2013 Sightings | October 26

Today on the Aurora we headed back up north towards Thacher Island. We had another great day of whales! It was a bit windy and choppy but we were able to find humpbacks Echo and Nile and spend lots of time with them. The pair was surfacing and fluking side-by-side, deep feeding and traveling a bit.

While observing these two, we had two minkes pop up nearby. During the latter portion of the trip, we saw a spout in the distance, so we tried to make out way over and get a closer look, but the whale never showed itself.

At this point, it was time to turn back to Boston, and as we were leaving another pair of humpbacks fluked in the distance! It was a quick look and too far away to identify, but it was great to know there were so many whales scattered about the area. Total whales today included two minkes, two pairs of humpbacks, and an unidentified larger whale.


2013 Sightings | October 23

Today on the Cetacea we headed north toward Thacher Island in search of whales. We started off with a quick sighting of a small pod of harbor porpoise off Gloucester. There were also lots of Northern gannets in the area—another good sign! Next we saw a spout up ahead, just north of Thacher Island.
The humpback whale fluked in the distance and we were able to quickly identify it as a familiar whale named Echo. We spend a good amount of time with Echo as see was fluking and deep feeding consistently.

Spar (right) and her calf with unusual scars
While observing her, we noticed a pair of humpbacks about a half mile from us, so we moved over to them after great looks with Echo. The pair turned out to be Spar and her calf! Spar’s calf has a distinct injury to her dorsal side, with a bit clipped off her fin, as well as a chunk missing just behind that. These two were deep feeding as well, with varied dive times. Also in the mix was a minke whale about 1/8 of a mile away and approximately three scattered harbor seals!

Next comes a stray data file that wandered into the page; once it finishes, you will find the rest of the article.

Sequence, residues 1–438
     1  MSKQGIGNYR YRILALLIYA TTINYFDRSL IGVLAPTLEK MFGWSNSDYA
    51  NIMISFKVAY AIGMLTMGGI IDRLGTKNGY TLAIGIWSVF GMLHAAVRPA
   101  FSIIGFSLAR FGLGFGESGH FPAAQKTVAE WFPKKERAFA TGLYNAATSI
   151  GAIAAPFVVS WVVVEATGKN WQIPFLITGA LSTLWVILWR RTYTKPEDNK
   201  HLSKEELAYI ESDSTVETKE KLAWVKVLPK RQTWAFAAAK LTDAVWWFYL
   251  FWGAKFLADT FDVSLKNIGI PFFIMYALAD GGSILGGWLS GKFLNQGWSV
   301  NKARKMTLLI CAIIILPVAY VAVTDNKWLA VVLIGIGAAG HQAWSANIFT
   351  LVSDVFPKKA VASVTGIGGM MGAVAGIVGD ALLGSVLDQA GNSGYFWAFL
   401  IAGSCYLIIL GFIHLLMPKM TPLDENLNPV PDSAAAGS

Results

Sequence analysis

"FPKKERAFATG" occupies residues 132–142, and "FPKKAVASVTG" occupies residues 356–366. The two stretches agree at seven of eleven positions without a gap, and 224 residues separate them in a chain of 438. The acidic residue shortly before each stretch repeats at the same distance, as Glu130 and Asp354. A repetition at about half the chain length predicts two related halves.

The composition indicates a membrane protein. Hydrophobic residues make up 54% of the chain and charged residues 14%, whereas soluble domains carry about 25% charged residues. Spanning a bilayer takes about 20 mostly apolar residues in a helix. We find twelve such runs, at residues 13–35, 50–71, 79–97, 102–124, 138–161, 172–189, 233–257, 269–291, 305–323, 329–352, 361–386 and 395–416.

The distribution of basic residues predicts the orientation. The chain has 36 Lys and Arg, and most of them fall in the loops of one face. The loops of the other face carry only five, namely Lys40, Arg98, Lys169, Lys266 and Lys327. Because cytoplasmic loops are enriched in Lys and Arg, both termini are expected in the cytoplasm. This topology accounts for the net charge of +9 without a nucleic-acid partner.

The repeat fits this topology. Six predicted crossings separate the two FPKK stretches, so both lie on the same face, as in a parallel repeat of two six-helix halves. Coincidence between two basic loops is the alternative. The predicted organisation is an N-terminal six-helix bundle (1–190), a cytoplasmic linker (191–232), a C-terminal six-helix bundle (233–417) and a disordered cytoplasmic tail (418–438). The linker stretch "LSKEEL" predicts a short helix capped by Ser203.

Owl's calf's fluke

We heard rumors over the radio of a SECOND mother calf pair in the area so we moved a couple miles away to find humpback whale Owl and calf!  Owl’s calf was busy rolling and flipper slapping for a small whale watch vessel nearby.  It was great for passengers to see different behaviors from a calf in one trip.  We got some nice looks at Owl’s fluke and her calf also did a nice tail flick for us.

Owl's scar is visible

Owl has some deep scarring on her dorsal side.  It is unfortunate to see significant scarring on two whales in the same trip, but it is a reminder we share space with them and brings up great discussion on conservation measures. This fall has been excellent and we hope it keeps up for as long as possible!


2013 Sightings | October 11

This afternoon on the Aurora we headed back to where all the whale action yesterday was. When we arrived near Thacher’s, we found Valley and calf traveling slowly together, taking moderate dives.

Valley and her calf (in foreground)

Valley's fluke

Valley’s calf was resting a bit today, bobbing at the surface while Valley would dive deeper. We then observed some nursing behavior, as the calf alternated sides alongside Valley, and a few times it turned on its side. After a brief bit of nursing, the calf rolled a bit and rested more at the surface. Great to see this growing calf (it has definitely been getting big!), lounging peacefully today.